Sessions served as attorney general from February 9, 2017, to November 7, 2018. Senate confirmation vote On February 8, 2017, the Senate voted 52-47 to confirm Sessions as attorney general.
Feb 09, 2017 · The 52-47 roll call Wednesday by which the Senate confirmed Jeff Sessions, of Alabama, to be attorney general. A "yes" vote is a vote to confirm the nomination. Voting yes were 1 Democrat and 51 Republicans. Voting no were 45 Democrats, 0 Republicans and 2 …
Feb 09, 2017 · A bitter battle as Sen. Sessions confirmed to be attorney general 02:50. WASHINGTON -- The Senate on Wednesday confirmed Sen. Jeff Sessions to be attorney general in the Trump administration ...
Dec 15, 2017 · The final vote was 52-47, with Joe Manchin as the only Democrat to vote "yay" for Jeff Sessions. This comes after a vigorous debate on the floor among Senators that led to the …
Jan 31, 2017 · Sen. Patrick Leahy, a former chairman of the committee, also he had "very serious doubts" that Sessions would be "an independent attorney general." Leahy plans to vote against …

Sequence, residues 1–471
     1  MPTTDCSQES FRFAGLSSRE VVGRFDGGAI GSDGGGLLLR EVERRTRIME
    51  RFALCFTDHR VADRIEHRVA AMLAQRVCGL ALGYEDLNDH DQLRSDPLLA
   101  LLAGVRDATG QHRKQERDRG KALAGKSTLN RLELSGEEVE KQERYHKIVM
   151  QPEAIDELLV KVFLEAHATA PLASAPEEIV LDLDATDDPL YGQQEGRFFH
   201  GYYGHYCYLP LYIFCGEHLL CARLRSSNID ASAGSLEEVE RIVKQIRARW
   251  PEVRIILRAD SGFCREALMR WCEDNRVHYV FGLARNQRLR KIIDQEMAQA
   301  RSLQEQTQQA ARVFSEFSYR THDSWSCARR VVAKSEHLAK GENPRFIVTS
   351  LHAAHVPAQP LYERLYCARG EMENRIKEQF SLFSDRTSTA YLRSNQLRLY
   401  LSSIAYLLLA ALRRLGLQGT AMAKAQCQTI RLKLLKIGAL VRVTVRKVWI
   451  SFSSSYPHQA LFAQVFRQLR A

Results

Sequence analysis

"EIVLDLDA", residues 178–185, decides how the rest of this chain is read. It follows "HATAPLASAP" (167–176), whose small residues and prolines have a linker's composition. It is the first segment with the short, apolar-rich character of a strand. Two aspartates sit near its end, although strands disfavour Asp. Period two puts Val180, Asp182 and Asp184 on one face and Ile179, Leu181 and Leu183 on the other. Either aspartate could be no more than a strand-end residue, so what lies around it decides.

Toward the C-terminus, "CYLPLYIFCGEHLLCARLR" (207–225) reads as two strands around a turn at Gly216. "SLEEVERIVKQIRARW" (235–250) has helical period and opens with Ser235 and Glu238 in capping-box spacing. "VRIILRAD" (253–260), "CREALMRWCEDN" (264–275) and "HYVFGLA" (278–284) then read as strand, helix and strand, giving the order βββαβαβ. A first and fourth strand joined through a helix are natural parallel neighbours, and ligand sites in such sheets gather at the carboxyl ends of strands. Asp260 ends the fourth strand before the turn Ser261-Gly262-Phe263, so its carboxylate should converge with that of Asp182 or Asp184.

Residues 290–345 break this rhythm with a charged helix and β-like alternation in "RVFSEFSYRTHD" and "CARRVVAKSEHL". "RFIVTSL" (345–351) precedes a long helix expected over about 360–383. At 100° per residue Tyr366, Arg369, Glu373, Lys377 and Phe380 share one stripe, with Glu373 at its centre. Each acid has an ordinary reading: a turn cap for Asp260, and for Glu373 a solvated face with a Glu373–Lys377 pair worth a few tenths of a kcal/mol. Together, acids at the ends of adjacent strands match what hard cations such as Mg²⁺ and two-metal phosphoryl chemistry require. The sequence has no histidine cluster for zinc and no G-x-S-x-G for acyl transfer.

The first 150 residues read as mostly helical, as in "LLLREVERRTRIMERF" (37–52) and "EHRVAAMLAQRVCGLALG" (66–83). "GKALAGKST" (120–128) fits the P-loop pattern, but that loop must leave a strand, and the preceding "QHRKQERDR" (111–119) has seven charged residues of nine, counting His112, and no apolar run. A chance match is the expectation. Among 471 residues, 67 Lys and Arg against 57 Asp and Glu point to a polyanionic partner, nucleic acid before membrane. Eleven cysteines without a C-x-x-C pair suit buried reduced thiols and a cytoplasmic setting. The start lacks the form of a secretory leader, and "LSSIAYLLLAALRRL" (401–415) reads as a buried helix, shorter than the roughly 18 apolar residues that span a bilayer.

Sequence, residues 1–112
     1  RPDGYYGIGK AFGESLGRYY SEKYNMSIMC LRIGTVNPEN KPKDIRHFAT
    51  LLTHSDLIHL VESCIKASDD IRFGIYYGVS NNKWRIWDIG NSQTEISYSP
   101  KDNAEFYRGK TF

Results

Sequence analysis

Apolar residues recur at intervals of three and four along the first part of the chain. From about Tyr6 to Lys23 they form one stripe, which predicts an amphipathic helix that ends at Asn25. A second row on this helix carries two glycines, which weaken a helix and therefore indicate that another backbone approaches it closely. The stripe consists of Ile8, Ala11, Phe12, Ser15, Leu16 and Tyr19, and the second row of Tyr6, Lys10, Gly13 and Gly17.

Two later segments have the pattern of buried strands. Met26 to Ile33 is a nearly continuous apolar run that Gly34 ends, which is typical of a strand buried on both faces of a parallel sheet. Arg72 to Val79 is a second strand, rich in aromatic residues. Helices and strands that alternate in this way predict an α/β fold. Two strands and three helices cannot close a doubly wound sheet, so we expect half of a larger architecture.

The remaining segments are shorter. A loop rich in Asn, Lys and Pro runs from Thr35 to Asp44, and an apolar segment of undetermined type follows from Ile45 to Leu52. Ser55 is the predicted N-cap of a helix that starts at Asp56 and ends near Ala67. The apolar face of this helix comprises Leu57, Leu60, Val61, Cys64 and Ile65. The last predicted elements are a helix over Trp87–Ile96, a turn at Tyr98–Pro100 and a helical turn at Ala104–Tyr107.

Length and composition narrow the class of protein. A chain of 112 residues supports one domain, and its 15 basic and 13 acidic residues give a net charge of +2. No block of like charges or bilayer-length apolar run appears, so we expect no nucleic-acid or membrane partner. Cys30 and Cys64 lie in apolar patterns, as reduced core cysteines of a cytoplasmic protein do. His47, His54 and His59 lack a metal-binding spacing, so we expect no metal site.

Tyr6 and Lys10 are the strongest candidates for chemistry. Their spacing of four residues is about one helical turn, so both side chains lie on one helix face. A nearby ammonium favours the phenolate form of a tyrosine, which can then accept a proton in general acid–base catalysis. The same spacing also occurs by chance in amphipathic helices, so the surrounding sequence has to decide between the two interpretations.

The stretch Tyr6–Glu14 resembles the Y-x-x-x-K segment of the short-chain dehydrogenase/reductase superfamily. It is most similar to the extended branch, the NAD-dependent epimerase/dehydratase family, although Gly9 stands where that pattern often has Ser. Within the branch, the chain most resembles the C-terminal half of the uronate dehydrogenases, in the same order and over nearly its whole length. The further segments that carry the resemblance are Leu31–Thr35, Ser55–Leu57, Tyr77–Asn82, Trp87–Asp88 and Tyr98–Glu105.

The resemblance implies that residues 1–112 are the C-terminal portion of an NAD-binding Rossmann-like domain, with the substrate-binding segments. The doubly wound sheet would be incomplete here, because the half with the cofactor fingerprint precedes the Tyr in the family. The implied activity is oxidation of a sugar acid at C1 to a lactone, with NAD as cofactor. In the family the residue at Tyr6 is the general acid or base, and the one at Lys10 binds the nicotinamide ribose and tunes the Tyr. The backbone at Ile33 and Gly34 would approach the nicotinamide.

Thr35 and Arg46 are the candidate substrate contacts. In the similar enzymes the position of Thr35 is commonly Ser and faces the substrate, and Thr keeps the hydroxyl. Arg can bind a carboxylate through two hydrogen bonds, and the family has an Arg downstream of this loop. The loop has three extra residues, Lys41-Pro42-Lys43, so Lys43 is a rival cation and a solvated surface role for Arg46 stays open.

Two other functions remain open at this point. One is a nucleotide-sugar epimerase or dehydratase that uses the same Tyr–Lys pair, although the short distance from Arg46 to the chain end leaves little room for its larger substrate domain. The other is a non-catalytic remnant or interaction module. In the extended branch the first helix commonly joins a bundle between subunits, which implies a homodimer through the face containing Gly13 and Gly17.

In a post-vote valedictory speech, Sessions alluded to the bitter partisanship and wished for more collegiality.
Alabama Gov. Robert Bentley is expected to name a replacement for Sessions as early as Thursday. Bentley has named six finalists for the Senate appointment, including state Attorney General Luther Strange and GOP Rep. Robert Aderholt.
Warren’s transgression was reading aloud from a 1986 letter Coretta Scott King wrote about Sessions. Republican leaders accused Warren of impugning a fellow senator.
Sessions’ nomination to a federal judgeship was rejected three decades ago by the Senate Judiciary Committee after it was alleged that as a federal prosecutor he had called a black attorney “boy” and had said organizations like the NAACP and the American Civil Liberties Union were un-American.
Sessions won unanimous backing from Senate Republicans but picked up the support of just one Democrat, Joe Manchin of West Virginia.
At his hearing last month, Sessions said he had never harbored racial animus, saying he had been falsely caricatured.
Still, McConnell invoked the rules. After a few parliamentary moves, the GOP-controlled Senate voted to back him up.
He was confirmed and sworn in as Attorney General in February 2017. In his confirmation hearings, Sessions stated under oath that he did not have contact with Russian officials during the 2016 presidential campaign and that he was unaware of any contact between Trump campaign members and Russian officials.
Sessions was elected Attorney General of Alabama in November 1994, unseating incumbent Democrat Jimmy Evans with 57% of the vote. The harsh criticism he had received from Senator Edward Kennedy, who called him a "throw-back to a shameful era" and a "disgrace", was considered to have won him the support of Alabama conservatives.